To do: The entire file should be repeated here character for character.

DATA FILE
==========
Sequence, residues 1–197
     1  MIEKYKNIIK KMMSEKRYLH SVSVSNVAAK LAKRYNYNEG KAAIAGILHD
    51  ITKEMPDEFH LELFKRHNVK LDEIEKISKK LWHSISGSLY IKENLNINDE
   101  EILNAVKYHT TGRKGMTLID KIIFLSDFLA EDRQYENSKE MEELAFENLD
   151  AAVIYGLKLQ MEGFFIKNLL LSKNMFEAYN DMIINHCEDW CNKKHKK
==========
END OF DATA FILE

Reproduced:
Sequence, residues 1–197
     1  MIEKYKNIIK KMMSEKRYLH SVSVSNVAAK LAKRYNYNEG KAAIAGILHD
    51  ITKEMPDEFH LELFKRHNVK LDEIEKISKK LWHSISGSLY IKENLNINDE
   101  EILNAVKYHT TGRKGMTLID KIIFLSDFLA EDRQYENSKE MEELAFENLD
   151  AAVIYGLKLQ MEGFFIKNLL LSKNMFEAYN DMIINHCEDW CNKKHKK